Recently I watched this video by a Calvinist who clearly isn’t the sort to engage in intellectual discourse. In order to show the incomprehensibility of Arminianism, he performs a scene which he believes typifies God’s perspective towards the world if Arminianism was true. Here is how it went:
There are a couple of things here that I would immediately object to. First of all, he attempts to make God sound impotent, which is of course incorrect in Arminian theology. God is constantly active and involved in each person’s life. Second, he makes God sound whiny, which is clearly off. The reference to Jesus knocking is somewhat interesting, since the idea that He knocks is a biblical reference, so I don’t really know what he is trying to get at there.
But more to the point, I think he is criticizing the Arminian position for giving God cause to lament: to be sorrowful that things don’t happen the way He wants them to happen. Now I can understand that such a thing is impossible within the Calvinist position, but I fail to understand what the actual problem is, either biblically or theologically.
Well I guess maybe they have a point. Can you imagine God saying something like, “How long will they reject me? Even after everything I have to done to show to them that I am here and will care for them?” or perhaps, “What more could I have done? Why is it when I worked to see my people do good, that they have done evil?” Except the first is a paraphrase from Numbers 14:11, and the second from Isaiah 5:4.
The Bible is actually full of divine laments, such as Matthew 23:37 or Jeremiah 7:31. This idea that God gets whatever He wants just isn’t there. Therefore there seems to be good biblical grounds to merely accept this “criticism” of a lamenting God to be biblically accurate image of God. What I mean is that this critism isn’t a criticism at all. What the Calvinist is trying to claim as an inevitable error in Arminianism is actually something one directly finds in the Bible. This raises the question, why does the Calvinist reject it? Why reject something the Bible actually describes?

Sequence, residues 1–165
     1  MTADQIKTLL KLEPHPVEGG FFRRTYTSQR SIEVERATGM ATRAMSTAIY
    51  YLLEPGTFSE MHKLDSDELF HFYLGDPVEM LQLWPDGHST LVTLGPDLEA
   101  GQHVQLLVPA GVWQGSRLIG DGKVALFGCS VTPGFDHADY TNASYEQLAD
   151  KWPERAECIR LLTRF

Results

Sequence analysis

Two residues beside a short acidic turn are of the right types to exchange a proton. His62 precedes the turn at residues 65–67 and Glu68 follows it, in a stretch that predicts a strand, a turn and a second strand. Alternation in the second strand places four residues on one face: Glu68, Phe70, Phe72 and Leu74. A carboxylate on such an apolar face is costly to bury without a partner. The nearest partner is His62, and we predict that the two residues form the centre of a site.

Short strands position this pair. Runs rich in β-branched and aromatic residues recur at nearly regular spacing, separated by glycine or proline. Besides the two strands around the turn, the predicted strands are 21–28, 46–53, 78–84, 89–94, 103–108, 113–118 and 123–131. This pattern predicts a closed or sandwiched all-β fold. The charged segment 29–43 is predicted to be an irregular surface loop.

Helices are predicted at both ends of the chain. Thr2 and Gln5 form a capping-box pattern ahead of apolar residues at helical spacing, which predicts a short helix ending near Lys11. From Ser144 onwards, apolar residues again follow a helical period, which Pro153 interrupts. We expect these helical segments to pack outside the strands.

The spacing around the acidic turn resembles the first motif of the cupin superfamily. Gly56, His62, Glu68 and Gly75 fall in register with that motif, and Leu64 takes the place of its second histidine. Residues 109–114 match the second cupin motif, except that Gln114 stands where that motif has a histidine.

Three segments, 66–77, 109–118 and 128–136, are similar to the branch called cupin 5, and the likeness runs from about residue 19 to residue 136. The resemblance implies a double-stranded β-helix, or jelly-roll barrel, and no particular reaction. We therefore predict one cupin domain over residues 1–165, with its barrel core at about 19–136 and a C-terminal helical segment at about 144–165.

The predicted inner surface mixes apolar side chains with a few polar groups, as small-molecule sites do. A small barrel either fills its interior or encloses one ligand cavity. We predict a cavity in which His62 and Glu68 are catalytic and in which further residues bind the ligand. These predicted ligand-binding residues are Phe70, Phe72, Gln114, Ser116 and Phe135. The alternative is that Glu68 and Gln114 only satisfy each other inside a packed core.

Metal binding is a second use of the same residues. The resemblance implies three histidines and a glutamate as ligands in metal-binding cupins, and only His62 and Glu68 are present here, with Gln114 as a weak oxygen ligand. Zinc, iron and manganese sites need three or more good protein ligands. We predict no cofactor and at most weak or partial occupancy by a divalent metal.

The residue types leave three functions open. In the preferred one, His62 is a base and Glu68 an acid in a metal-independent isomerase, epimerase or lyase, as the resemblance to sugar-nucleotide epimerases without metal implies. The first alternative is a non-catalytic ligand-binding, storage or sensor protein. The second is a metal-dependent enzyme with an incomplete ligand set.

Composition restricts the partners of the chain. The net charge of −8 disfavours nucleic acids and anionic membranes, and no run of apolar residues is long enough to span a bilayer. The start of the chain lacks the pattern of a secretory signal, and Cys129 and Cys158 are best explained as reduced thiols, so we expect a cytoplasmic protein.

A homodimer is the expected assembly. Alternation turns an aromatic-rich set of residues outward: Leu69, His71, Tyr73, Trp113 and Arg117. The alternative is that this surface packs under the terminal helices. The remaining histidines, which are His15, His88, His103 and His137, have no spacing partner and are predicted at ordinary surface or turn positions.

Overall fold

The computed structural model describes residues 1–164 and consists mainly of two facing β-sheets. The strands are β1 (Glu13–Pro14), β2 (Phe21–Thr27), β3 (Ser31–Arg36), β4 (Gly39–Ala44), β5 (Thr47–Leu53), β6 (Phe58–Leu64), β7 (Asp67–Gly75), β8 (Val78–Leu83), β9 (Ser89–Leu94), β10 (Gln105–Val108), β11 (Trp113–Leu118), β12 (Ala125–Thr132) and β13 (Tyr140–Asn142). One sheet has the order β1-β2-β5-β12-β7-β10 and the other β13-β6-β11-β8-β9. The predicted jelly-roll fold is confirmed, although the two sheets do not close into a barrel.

But then there is the theological question: why is this even a problem? Clearly, the Calvinist feels that it would make God weak. But this seems to be mostly a human concern. Even if God isn’t as “strong” as a Calvinist wants, He is still stronger than anything else. Indeed, why would an omnipotent being be concerned that he is seen as strong? Doesn’t that sound more like insecurity than true strength?
Of course, the assessment is also completely inaccurate. Arminianism still teaches that God is omnipotent, however it is certainly true that God doesn’t use His full power. I mean, I certainly believe that God is gentle, but that doesn’t necessarily lead to the idea that he is weak. When I lament that my son disobeys me, is it because I lack the power to force him to do what I ask? No, of course not. It is because the level of force necessary for me to get my way will break him. He’s delicate. Indeed it takes strength for me to be gentle with him.
Thus, I don’t see God not getting His way as a sign of His weakness, but our delicacy. And I recognize that as a loving Father, He is gentle with us, even when we disobey. After all, which is more important, affirming that God is strong or that He is good? Sacrificing goodness for a clearer demonstration of strength feels more like a high school jock than a good shepherd.